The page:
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Consider two alcohols:

$$\rm{CH_3 - CH_2 - OH }$$

and

$$\rm{CH_3 - CHOH - H }$$

In the second alcohol, the hydroxyl radical instead of sticking out from the molecule, is bonded below the terminal carbon, like this $$\rm{H}$$

$$|$$ $$\rm{R- C- H}$$ $$|$$ $$\rm{OH}$$

Now, this doesn't affect the nomenclature (as far as I know), both will be called $\rm{1-ethanol}$. Clearly, these are isomers. But IUPAC nomenclature is supposed to be completely unambiguous. Or did I go wrong somewhere and there actually is a difference in their naming?

PS: Is there any way to produce structural formulas more efficiently in latex on chemistry stackexchange?

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  • $\begingroup$ I never tried to draw structures in LaTeX here on Chemistry.SE and to my knowledge, chemfig isn't supported. For me, BKChem with export to png does the job. $\endgroup$ – Klaus-Dieter Warzecha Jan 29 '14 at 8:16
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Actually, both of these molecules are exactly the same. The way you write it on paper is just an approximate representation and does not represent the actual structure of the molecule.

By writing the hydroxyl group below the carbon or jutting out from it with a single bond makes absolutely no difference to the actual structure of ethanol.( Ethanol has no isomeric alcohol.) Therefore, it does not matter how you represent it on paper, it will be the same molecule.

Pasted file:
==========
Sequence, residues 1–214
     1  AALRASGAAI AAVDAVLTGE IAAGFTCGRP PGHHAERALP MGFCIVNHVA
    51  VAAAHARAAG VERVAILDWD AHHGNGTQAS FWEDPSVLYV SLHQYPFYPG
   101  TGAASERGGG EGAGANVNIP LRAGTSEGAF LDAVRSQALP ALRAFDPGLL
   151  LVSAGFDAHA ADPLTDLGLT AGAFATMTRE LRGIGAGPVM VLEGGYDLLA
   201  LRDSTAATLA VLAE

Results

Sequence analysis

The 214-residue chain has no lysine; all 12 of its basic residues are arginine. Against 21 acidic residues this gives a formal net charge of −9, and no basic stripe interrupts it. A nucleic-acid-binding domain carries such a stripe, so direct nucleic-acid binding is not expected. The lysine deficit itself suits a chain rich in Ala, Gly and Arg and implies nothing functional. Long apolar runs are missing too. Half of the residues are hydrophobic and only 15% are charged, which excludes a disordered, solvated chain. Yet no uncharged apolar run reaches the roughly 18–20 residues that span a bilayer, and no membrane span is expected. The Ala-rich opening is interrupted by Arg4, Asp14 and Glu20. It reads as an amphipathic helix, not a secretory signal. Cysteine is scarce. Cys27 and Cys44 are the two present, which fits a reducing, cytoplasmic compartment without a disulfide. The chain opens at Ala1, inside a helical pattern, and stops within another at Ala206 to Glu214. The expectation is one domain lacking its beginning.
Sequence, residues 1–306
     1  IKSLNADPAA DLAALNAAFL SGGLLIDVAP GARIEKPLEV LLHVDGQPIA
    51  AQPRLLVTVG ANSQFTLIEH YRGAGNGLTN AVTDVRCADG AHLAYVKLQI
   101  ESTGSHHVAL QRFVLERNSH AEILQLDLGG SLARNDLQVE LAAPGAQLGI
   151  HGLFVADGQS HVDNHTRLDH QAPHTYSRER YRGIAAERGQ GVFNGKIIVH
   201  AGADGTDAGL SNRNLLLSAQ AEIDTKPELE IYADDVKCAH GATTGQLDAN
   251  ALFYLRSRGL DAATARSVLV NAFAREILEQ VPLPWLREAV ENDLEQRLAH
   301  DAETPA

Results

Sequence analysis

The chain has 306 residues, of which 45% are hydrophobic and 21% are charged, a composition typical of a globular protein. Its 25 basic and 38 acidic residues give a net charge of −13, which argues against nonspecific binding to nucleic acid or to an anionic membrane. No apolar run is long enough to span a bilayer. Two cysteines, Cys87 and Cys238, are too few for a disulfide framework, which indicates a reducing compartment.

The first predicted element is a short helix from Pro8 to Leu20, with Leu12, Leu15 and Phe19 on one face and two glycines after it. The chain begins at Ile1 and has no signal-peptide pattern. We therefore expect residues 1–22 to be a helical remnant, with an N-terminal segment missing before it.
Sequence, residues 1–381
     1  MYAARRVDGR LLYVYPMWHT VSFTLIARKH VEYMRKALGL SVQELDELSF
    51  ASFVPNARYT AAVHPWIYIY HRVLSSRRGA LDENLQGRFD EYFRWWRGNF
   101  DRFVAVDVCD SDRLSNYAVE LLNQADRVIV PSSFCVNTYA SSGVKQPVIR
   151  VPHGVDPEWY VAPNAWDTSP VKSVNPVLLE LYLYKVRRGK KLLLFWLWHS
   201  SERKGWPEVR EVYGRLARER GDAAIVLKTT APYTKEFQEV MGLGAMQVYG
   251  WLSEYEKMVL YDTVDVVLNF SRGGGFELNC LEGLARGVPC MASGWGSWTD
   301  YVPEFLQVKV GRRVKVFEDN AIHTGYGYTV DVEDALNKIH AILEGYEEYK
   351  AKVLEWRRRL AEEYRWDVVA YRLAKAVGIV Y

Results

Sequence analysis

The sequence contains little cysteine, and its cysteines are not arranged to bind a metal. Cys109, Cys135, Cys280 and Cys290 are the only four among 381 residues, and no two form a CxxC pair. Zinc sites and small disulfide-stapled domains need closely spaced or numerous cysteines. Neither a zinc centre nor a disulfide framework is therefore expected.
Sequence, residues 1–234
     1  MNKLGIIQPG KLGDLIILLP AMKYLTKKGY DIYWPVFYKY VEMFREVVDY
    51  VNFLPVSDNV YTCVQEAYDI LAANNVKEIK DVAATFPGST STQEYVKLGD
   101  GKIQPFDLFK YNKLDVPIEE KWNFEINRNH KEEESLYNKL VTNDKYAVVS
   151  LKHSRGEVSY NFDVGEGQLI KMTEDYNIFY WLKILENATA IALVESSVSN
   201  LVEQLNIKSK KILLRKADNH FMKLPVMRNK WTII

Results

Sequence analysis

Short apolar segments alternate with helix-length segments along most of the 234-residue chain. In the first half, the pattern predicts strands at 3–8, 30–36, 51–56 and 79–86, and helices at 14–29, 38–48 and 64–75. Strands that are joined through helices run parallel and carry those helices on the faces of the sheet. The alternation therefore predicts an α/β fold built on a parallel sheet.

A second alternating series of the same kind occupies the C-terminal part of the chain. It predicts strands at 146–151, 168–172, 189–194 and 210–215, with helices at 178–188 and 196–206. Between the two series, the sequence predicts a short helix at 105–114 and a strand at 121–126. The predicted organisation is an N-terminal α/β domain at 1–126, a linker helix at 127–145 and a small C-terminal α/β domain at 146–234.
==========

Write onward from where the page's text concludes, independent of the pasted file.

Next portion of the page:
But in certain chiral compounds, by using some predetermined rules of representation, writing different groups on different sides does change the compound. But this is true only in cases where stereoisomeric forms of the compound exist. Then, writing the group in a different way changes the compound to one of its stereoisomer. For example, Z form is written with higher priority groups on one side and the opposite is followed while representing the E form. Fischer projection, Sawhorse projection and Newman projections to represent molecules are a few examples where the representation of molecules on paper is sensitive to the way in which different groups are attached to the compound, But not here.

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They are not isomers, they are the same molecule, ethanol (the "1" is superfluous, there is no 2-ethanol), CH3CH2OH

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